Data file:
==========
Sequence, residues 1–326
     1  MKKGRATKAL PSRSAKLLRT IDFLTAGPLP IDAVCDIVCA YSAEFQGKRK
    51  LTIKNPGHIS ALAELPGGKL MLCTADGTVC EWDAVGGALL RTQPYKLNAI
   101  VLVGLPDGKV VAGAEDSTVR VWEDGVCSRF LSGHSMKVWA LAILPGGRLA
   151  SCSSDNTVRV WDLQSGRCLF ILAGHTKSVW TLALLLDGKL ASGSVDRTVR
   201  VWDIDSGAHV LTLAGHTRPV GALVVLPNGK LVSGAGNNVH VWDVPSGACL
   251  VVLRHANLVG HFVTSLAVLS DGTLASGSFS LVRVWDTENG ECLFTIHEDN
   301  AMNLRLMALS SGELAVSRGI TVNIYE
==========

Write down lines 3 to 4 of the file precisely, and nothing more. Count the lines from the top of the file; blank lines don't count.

    51  LTIKNPGHIS ALAELPGGKL MLCTADGTVC EWDAVGGALL RTQPYKLNAI
   101  VLVGLPDGKV VAGAEDSTVR VWEDGVCSRF LSGHSMKVWA LAILPGGRLA